• If this is for special (generated) functions, e.g. __cxa_guard_acquire, then we shouldn't even need to tell the compiler. It's like we don't have to tell compiler EH pad, noreturn functions are cold, instead compiler should figure this out by itself. _cxa_guard_acquire is a generated function with very specific semantic, so I think it's similar to noreturn, EH pads in that regard.
  • If we have to tell compiler extra hotness/coldness info, why do we do it just HCS? hotness is very general, and could benefit many opts. Introducing a channel to tell specific optimization about hotness is not good design in general (imagine 10 passes each has its own way of getting hotness through a bunch of switches). If we really have to do this, I'd say we should do it in the framework, e.g. the static analysis part of BFI.

+ 1. Thanks for writing this up, this reflects my thinking about the patch.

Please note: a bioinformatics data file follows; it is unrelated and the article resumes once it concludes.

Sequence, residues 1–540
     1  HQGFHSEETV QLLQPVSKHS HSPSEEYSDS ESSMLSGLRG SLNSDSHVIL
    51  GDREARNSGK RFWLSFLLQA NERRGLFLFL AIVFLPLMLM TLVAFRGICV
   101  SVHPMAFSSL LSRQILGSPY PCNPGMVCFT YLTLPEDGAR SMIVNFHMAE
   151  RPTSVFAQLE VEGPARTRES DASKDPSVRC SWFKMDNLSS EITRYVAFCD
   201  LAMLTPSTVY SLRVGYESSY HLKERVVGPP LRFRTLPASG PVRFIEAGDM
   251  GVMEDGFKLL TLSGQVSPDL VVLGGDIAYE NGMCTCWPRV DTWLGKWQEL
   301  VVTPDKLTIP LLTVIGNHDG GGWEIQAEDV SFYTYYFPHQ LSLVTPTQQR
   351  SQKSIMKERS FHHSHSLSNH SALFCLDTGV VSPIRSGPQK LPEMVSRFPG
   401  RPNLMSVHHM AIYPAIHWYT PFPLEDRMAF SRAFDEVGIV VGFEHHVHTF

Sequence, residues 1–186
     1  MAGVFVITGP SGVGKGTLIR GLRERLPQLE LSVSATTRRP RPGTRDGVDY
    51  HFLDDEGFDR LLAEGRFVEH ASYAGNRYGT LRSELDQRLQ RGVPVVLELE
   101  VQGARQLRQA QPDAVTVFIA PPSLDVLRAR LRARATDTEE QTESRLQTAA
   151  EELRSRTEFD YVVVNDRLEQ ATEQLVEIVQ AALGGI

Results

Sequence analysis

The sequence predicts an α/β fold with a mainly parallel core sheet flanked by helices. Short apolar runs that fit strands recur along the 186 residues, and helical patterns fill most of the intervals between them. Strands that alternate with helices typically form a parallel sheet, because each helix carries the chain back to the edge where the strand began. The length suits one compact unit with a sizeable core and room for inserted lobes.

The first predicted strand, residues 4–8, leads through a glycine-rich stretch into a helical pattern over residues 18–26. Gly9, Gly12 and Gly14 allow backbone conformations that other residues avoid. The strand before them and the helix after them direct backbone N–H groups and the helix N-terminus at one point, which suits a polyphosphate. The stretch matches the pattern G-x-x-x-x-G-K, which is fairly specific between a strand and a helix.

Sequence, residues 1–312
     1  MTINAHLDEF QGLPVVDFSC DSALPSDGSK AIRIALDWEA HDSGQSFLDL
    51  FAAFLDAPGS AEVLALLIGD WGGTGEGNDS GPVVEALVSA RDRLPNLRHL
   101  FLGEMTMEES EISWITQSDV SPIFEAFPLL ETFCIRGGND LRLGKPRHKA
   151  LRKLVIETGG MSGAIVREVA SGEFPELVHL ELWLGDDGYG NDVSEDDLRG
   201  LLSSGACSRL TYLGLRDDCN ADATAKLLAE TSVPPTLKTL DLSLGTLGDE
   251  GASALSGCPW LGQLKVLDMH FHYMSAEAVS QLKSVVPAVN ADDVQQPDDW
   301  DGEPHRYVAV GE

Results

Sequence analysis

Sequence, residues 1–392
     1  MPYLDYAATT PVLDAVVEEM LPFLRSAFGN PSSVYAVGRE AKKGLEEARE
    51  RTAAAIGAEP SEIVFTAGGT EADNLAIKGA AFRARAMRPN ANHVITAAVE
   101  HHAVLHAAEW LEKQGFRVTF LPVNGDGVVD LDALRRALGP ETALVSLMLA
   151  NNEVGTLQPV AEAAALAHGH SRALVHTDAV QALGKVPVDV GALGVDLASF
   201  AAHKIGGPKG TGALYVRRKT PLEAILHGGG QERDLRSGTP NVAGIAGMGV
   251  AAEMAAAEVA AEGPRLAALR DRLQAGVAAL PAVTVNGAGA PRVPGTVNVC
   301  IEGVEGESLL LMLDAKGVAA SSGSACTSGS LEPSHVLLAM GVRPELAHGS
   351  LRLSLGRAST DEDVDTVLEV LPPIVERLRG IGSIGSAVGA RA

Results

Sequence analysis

In order to optimize these call-sites, how do we tell compiler the about these FDs and CSs? Adding annotations like attribute((cold)) to FD1 could regress App2 and vice-versa. Supplying a human readable/editable file would be ideal.

I don't think supplying a list of cold functions to a compiler invocation is a scalable way to approach this problem. This looks like an attempt to hand-annotate individual call sites via a side channel, and it's likely too big (& imprecise) of a hammer to apply. E.g., after adding a cold function list to a program's cflags, performance may regress if the program picks up a hot use of a function in the list. It seems like an actual profile would be a better fit for your use case (if instrumentation/sampling is not possible, then it may be possible to construct a synthetic/fake profile as a pre-processing step?, but that has the same issues with source drift).

then it may be possible to construct a synthetic/fake profile as a pre-processing step

Seems like the most viable step so far. Thanks for the suggestion.